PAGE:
Hypochaeris radicata L.
Plant height 20-60 cm. Flowerhead width 2-3 cm.
It’s scientific name is derived from Hypochaeris from Greek meaning ‘under’ and ‘young pig’, and radicata from Latin meaning ‘with conspicuous roots’. Pigs like to forage for the taproots. It is also called Common Cat’s-ear and False Dandelion, amongst others.
Cat’s-ear is an important pollinator which attracts many insects. It is by far the commonest Cat’s-ear and can be abundant in grassy places. The bright yellow solitary flower is quite similar to other hawkweed and hawkbit species so care must be taken in identification. The broad leaves have rounded lobes and are very hairy, and form an untidey rosette around the base of this perennial plant. The long stems on which the flower sits are usually leafless and have tiny, scale-like dark-tipped bracts resembling small cat’s ears, which is where the plant gets its vernacular name from. The stems can also branch. The outer ray florets are tinged green beneath the flowerhead.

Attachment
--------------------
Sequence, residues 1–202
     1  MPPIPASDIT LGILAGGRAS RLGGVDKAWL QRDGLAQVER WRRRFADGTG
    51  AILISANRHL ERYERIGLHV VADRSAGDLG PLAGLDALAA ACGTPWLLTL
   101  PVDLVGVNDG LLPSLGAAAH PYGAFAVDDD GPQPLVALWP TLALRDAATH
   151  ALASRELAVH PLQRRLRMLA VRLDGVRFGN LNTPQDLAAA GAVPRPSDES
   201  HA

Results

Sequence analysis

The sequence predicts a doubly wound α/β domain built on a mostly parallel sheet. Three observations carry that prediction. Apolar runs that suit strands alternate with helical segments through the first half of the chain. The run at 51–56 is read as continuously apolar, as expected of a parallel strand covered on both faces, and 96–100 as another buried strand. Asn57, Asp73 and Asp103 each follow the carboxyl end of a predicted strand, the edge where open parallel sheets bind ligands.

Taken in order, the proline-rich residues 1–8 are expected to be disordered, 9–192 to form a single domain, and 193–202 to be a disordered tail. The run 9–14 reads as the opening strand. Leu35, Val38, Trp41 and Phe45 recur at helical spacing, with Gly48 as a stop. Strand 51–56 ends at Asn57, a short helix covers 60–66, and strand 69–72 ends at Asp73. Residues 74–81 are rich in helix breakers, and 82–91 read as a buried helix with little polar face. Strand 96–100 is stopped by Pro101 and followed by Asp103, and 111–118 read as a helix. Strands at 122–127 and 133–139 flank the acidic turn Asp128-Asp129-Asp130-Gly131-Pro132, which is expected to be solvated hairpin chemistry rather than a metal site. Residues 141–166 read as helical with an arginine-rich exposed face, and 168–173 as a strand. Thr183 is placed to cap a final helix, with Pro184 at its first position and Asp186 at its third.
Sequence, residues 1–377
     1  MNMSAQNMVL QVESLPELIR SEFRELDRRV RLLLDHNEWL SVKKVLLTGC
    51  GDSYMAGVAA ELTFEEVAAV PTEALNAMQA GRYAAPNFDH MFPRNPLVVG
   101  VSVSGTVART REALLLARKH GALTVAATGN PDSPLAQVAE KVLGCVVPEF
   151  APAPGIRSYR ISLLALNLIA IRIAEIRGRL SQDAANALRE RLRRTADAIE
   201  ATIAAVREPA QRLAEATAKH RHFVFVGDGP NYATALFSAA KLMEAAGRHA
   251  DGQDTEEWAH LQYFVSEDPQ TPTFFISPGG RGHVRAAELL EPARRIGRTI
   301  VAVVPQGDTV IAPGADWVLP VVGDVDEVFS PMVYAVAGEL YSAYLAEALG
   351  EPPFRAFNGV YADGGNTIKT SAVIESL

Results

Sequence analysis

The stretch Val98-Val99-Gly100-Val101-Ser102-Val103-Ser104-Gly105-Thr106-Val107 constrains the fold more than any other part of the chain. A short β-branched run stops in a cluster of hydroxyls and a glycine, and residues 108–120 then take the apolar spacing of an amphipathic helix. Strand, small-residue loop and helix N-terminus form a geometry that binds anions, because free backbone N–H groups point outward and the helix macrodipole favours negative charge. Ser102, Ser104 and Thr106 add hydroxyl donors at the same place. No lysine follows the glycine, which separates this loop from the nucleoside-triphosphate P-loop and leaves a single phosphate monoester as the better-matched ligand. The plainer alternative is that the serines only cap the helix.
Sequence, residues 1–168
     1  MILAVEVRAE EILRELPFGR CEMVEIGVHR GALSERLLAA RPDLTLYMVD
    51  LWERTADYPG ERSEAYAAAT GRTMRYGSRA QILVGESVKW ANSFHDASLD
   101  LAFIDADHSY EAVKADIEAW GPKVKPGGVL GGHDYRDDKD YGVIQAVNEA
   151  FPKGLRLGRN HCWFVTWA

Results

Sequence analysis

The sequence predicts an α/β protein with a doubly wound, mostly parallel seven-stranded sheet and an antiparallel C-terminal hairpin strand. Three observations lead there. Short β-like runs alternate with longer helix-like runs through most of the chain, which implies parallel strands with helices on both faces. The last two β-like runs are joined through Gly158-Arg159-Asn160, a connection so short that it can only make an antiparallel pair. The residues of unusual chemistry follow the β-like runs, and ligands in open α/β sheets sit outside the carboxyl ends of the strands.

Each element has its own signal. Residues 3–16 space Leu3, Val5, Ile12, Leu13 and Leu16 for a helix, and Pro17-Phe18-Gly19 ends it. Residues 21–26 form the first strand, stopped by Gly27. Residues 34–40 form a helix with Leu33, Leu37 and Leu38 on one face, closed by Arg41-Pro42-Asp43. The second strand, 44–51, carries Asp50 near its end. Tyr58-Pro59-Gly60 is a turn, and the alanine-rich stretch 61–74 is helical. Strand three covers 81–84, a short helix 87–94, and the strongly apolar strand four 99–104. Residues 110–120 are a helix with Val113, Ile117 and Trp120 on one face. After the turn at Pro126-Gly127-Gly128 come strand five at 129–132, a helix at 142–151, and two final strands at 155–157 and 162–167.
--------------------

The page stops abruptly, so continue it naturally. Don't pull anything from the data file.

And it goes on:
A native species, it flowers from May to September, and is found in many habitats, including meadows, on roadside verges, railway embankments, and in garden lawns. Common and widespread throughout Britain.